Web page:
* 79% of people would want a friend to tell them if they were diagnosed with schizophrenia, but only 46% say they would tell friends if they themselves were diagnosed. * 27% would be embarrassed to tell others if one of their own family members was diagnosed. * 80% expressed discomfort with the prospect of dating someone with schizophrenia who has not received treatment, compared to only 49% if the person has (received treatment).
Why are people ashamed to admit that schizophrenia affects their lives? Many people have various misconceptions about schizophrenia- people with schizophrenia are violent, lazy, or homeless. While I do not fit into the stereotype of a person with schizophrenia as well as many of my readers with schizophrenia, people continue to believe these myths.
Again, 79 percent of people would want a friend to tell them they have the illness while almost half of study participants would not admit to that diagnoses if they had schizophrenia. Why is that- that is a double standard. Why do people expect so much from others, but want leniency when it comes to their status?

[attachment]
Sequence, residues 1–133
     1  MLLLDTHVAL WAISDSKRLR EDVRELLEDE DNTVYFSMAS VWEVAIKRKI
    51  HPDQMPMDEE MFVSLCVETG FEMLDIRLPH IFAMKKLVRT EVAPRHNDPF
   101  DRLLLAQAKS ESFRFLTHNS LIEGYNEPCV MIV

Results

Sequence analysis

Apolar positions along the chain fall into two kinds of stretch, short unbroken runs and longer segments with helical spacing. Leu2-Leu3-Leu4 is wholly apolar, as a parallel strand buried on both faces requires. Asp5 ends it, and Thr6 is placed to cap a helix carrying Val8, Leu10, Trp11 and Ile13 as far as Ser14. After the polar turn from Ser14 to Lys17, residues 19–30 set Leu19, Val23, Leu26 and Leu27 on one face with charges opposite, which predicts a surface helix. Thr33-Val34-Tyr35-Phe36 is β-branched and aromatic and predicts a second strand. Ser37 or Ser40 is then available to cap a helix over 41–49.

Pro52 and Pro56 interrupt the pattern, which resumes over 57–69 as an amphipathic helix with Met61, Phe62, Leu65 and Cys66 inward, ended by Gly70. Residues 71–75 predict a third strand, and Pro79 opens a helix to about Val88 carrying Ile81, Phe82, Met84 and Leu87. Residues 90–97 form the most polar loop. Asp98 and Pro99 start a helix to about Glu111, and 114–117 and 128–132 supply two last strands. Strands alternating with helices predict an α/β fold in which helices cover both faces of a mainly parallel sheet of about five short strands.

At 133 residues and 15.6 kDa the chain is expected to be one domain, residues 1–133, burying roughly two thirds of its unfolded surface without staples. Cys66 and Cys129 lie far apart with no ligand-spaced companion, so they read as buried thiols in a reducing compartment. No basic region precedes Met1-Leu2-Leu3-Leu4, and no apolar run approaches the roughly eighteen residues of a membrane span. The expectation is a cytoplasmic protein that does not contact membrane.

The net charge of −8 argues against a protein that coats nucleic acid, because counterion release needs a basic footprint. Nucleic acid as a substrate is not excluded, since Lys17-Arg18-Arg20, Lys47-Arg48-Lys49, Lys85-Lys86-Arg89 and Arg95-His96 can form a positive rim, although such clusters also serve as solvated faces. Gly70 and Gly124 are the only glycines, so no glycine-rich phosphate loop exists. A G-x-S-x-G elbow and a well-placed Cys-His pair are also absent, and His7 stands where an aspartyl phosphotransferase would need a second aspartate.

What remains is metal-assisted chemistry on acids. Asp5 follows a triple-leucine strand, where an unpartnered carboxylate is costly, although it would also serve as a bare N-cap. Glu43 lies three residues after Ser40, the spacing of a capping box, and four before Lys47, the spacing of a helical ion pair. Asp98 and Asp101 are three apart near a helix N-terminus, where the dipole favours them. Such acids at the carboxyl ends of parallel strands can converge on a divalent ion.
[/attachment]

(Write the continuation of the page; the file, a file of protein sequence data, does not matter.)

Going on the second prong, why is it that a relative would be embarrassed by their family member's diagnosis of schizophrenia? Nobody is perfect, many people have medical ailments such as diabetes and cancer or undesirable personality traits such as being conceited, a pathological liar, or a gossiper- those traits should be embarrassing, but not schizophrenia. Nobody can decide who gets mental illness.
About half of survey participates would not date someone with schizophrenia even if they had treatment. This statistic really saddens me. Again, nobody is perfect and they certainly cannot determine whether they have a mental illness or not.
What do you think of these statistics? Do the statistics surprise- why or why not?